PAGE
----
Choir Atlanta 2012

Mr. Ross B. Kellan

A memorial gathering for Mr. Kellan will be held Friday, June 9th from 2:00 pm to 8:00 pm at Brust Funeral Home, 135 S. Main St., Lombard. Please click the link for more information.

It is with great sorrow that we must acknowledge the passing of our friend and colleague, Ross Kellan. There are no words which can fully express the sorrow we feel, nor which can describe the depth of this loss.  The world of music education is now without one of its most stellar examples, and countless students and colleagues who were privileged to feel the power of his influence and example now mourn with us at this time.  We can only offer our most fervent prayers and deepest condolences to his family, especially to his wife, Jeri, and his daughter, Erin.  And finally, in the midst of this sorrow, let us be thankful for Ross, a life well lived, a teaching career without equal, and a friendship which we will eternally cherish in our hearts.  May he rest in peace.

Below is a statement from Mr. Kellan’s daughter, Erin. 

Mr. & Mrs. Kellan with their daughter, Erin


It’s with a heavy heart that I’m sharing that my dad has passed away after a 7-year battle with cancer. I’ve read announcements of this nature in the past that often say that someone has ‘lost’ their battle with cancer but I’ve never liked that phrase. In my mind, anyone who bravely faces cancer no matter the outcome has won in my book, and I can say with absolute certainty that although this terrible disease took many things from my dad, one thing he never allowed it to do was break his spirit. 

RBK has always been the most optimistic and positive person I’ve known, and he remained that way as he continued to work through multiple rounds of chemo, radiation and immunotherapy. If you saw him during any of those timeframes and asked how he was, he probably smiled, said he was doing great and asked after you and your family.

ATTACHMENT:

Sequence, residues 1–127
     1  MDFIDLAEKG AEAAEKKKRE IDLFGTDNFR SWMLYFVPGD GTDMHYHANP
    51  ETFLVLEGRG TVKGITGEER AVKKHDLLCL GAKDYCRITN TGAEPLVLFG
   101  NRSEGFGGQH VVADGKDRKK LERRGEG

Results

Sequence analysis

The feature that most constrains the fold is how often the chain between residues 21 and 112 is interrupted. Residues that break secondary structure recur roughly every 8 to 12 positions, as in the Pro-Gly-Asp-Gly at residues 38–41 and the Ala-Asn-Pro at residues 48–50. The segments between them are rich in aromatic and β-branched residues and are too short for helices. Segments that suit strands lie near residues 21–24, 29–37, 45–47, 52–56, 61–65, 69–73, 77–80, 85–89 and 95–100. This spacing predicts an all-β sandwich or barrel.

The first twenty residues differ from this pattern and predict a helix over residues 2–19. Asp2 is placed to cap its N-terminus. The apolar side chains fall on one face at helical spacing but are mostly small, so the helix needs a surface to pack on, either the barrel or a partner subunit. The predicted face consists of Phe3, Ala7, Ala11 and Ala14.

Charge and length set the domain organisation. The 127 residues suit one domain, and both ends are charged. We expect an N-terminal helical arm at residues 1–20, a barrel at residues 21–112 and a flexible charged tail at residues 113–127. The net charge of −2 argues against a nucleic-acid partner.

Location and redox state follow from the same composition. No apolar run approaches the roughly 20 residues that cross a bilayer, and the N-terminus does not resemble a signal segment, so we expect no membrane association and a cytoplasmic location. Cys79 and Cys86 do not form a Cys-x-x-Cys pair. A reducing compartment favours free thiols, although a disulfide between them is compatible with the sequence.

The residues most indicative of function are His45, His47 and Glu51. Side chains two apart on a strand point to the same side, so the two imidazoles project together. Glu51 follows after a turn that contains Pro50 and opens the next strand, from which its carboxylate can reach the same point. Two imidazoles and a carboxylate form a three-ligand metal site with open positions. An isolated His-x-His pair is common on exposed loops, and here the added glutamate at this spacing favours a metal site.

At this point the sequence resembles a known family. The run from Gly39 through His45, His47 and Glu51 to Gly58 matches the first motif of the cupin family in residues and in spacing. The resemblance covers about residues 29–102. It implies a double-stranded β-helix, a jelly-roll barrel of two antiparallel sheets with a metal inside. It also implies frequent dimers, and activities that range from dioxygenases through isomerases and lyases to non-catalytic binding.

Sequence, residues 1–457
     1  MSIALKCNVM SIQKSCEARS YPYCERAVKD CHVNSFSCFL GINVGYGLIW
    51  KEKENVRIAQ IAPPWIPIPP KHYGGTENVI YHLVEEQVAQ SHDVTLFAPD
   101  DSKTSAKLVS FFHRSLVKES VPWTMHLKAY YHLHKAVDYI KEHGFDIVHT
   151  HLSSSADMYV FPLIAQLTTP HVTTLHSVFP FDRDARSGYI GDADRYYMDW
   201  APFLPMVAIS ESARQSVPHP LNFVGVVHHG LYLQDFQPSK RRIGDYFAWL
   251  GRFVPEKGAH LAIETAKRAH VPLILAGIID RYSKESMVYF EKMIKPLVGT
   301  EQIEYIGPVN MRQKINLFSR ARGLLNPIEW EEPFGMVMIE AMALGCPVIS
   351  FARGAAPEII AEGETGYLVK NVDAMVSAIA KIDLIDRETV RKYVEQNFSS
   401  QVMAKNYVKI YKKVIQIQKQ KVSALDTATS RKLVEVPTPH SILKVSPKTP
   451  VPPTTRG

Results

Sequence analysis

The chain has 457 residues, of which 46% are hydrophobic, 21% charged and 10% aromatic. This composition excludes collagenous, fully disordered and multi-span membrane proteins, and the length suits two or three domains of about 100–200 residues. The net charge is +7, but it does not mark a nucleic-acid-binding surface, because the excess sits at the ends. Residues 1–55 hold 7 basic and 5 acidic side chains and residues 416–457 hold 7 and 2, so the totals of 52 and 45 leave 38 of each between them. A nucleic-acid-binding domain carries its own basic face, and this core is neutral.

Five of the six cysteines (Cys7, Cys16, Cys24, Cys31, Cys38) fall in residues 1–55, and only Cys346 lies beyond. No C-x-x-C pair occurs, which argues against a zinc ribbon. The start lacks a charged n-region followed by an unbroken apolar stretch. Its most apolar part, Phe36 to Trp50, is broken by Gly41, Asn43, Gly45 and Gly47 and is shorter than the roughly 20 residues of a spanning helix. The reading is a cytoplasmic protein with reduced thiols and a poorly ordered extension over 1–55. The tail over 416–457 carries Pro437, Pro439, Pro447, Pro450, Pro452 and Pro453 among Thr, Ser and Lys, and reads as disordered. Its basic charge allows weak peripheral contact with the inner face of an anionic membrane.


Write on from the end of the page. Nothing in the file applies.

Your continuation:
When chemo caused his spine to deteriorate, he endured two spinal fusions that saved his ability to walk but resulted in the loss of some basic mobility like bending to tie his shoelaces. Instead of complaining, he was thankful that he was still able to conduct a band, and cracked jokes about how he now needed an assistant (my mom) to help him get ready.

Over the past month when he was hospitalized frequently, he remained as friendly as ever despite how poorly he was feeling; introducing himself to and talking with every nurse, doctor, and healthcare worker he encountered. I quickly lost track of the number of nurses and doctors who said he was their favorite patient or remarked to my mom and me what a kind, good person he was.  I feel very fortunate that we live near three world-class hospitals and cannot speak highly enough of everyone we worked with at Rush, the University of Chicago and Northwestern over the years. Their skill, compassion, and empathy helped extend the time we had with him far beyond what any statistic or projection indicated we were to expect.

Yesterday, June 3rd marked my parent’s 45th wedding anniversary, and through the end they remained one of those rare couples that were still as in love, if not more so, than the day they were married. My mom was by my dad’s side for every doctor appointment and treatment. She’s cared for him after every surgery, been his cheerleader when things were going well, and his shoulder to lean on when they weren’t. My parents were true partners, and their relationship was a beautiful thing I feel privileged to have watched for so many years.

There are many quotes about teaching and what it means to be a teacher but I’ve always loved this one in particular: ‘A teacher affects eternity; he can never tell where his influence stops.’ With that in mind, to all of my dad’s former students: teaching you was one of the greatest joys in his life and I know that his spirit will live on each time one of you picks up an instrument or drives one of your kids to band practice.

Finally, on behalf of our entire family, thank you to everyone who has reached out with a kind word, dropped off a meal, or offered support in any other way – it means more than you know.